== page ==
It sounds like a winning combination for a successful video game: over-the-top driving action in an open-ended city, Hollywood-style special effects and film star Vin Diesel as the lead character.
Wheelman, a joint effort between publishers Midway and Ubisoft, doesn't live up to its potential, but still proves to be a fun and wild ride.
You play as Milo Burik, a beefy undercover agent and skilled driver-for-hire who arrives in Barcelona, Spain, to infiltrate three crime syndicates — the Los Lantos Cartel, Chulos Canallas and the Romanian Underground — and stop a major deal from going down involving a mysterious briefcase. The story is truly awful, as is the dialogue and delivery. Even Vin Diesel's cheesy lines are read without any feeling, as if the actor was handed the script minutes before the microphone was turned on. But most gamers aren't buying Wheelman for the deep plot.
In Wheelman, Burik begins taking on missions for seedy characters to win their trust, like similar characters do in Grand Theft Auto. Most of these will take place behind the wheel of vehicles — such as retrieving stolen cars, ramming a rival gang leader, evading a group or driving someone to safety in a cab — but many will also take place on foot, where Burik must use cover, and weapons, to take down thugs.
While racing through the digitally recreated city of Barcelona at top-speed, you will master a handful of tricks, such as hand-braking, 360-degree spins, drifting, motorcycle wheelies, racing over ramps, nitro boosts and earning "focus power" to slow down time for more precise gunshots. Two of the more fun driving moves, however, are "melee" attacks, where the right analog stick on the controller can be pushed right or left to ram those chasing you, such as police cars (which could result in a cinematic explosion, not unlike the Burnout racing games) and "air jacking" where Burik can hop from one vehicle to another, if timed correctly, to steal the car he's pursuing. Great fun.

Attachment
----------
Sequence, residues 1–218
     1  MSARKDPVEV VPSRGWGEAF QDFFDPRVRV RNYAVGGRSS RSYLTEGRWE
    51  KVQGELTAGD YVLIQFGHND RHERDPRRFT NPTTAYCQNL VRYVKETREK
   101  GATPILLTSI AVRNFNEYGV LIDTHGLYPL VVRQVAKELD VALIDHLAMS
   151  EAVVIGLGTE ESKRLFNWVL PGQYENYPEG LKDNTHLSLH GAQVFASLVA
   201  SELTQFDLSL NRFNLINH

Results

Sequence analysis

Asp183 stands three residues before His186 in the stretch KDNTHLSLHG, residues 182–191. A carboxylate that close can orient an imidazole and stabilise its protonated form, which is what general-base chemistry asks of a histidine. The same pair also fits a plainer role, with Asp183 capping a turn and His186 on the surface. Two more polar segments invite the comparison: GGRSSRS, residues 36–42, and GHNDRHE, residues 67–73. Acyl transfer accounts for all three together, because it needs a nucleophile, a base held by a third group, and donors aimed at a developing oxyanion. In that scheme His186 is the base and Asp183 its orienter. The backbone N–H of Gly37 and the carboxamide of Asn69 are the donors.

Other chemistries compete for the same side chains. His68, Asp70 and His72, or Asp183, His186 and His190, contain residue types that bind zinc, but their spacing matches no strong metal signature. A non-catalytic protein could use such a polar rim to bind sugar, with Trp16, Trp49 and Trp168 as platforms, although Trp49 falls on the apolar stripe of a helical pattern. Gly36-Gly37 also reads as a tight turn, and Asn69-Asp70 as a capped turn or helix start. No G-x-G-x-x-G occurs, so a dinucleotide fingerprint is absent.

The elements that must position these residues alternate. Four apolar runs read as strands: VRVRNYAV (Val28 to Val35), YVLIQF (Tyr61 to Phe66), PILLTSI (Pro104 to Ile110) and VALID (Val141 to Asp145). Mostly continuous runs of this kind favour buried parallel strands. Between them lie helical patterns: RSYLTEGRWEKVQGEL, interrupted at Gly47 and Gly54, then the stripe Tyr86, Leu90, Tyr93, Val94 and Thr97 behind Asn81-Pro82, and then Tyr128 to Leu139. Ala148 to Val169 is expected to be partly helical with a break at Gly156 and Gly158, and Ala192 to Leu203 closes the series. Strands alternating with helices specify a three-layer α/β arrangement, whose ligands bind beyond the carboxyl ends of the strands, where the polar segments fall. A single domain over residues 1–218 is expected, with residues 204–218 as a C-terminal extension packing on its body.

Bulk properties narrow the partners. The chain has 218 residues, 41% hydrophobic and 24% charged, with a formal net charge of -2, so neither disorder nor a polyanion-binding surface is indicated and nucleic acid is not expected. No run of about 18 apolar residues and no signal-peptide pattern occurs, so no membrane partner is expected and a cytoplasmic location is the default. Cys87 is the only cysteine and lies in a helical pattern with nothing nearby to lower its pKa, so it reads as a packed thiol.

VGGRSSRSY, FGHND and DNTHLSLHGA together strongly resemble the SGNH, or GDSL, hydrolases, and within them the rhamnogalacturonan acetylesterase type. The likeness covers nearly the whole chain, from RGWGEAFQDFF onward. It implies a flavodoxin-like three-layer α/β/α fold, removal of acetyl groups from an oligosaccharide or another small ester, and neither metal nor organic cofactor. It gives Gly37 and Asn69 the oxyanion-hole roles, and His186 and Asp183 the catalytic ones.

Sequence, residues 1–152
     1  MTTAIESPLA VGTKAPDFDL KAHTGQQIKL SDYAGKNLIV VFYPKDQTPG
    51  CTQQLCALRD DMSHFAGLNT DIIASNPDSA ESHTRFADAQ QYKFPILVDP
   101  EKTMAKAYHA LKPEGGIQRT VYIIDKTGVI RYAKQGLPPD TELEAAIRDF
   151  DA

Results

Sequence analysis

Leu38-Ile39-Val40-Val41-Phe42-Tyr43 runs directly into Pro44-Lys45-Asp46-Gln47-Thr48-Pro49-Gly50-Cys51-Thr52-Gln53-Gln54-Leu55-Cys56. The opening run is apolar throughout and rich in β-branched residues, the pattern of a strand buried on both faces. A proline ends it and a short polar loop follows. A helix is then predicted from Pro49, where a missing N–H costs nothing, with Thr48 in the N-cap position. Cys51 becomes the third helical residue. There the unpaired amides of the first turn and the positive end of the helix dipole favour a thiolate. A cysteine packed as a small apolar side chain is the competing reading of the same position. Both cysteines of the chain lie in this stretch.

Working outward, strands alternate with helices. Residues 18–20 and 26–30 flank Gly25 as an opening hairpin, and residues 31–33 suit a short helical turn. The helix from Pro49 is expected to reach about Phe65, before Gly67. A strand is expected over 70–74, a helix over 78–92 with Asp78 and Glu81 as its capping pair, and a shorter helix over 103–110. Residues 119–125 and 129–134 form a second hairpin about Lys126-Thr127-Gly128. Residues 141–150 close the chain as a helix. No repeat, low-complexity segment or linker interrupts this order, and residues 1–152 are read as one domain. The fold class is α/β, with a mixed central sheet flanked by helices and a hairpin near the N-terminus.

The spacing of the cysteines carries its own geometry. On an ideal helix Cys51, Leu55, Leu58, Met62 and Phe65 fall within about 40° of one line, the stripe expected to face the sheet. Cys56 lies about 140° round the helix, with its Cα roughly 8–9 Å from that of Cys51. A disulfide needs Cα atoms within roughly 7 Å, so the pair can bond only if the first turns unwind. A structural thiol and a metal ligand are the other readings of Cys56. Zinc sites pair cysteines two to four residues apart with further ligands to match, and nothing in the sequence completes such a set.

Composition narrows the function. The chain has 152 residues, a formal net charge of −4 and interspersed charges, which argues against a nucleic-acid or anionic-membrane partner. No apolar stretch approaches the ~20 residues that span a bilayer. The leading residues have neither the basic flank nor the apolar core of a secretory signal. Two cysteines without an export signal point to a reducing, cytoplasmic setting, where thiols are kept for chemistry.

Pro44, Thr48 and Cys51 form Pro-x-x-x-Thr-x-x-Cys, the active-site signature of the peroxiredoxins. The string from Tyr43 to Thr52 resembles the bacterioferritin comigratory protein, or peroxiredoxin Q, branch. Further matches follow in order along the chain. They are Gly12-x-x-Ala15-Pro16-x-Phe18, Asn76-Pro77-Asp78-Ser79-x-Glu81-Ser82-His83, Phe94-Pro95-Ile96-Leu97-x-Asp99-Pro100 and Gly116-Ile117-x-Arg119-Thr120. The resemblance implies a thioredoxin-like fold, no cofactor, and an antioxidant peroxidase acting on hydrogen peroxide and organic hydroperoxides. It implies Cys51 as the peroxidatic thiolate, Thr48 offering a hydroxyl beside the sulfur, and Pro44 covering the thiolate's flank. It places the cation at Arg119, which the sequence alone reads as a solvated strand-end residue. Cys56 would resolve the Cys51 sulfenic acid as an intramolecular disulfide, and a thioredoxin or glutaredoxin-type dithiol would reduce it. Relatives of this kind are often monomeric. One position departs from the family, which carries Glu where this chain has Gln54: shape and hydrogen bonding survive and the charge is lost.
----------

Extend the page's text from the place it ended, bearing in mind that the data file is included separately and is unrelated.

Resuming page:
You can access your PDA to see a map of the city, drop waypoints down, accept the more than 30 missions (and 100 or so side-missions) and head to the garage to repair and re-paint vehicles to help lose the cops. Burik can unlock vehicle upgrades and new weapons, and destroy all 100 lion statues peppered throughout the city for a bonus.
The game isn't terrible: the high-speed shoot-outs and vehicular combat are quite rewarding, controls are intuitive and the graphics are impressive (despite some odd bugs where a character disappears when hopping into your car). But Wheelman could've been much more had any thought been given to the story, characters and dialogue. Instead it feels like a series of Grand Theft Auto -style missions and movie-like stunts loosely strung together.
Plus, the game doesn't offer any multiplayer modes at all, either on the same television or via the Internet. Ironically, an entire page in the Microsoft Xbox 360 manual is devoted to the Xbox Live online gaming service, beginning with the sentence: "Play anyone and everyone, anytime, anywhere on Xbox Live."
Wheelman doesn't come close to the awesomeness of the Grand Theft Auto games, but still delivers an entertaining joyride for fans of open-world, run-and-gun-and-drive-like-mad adventures.
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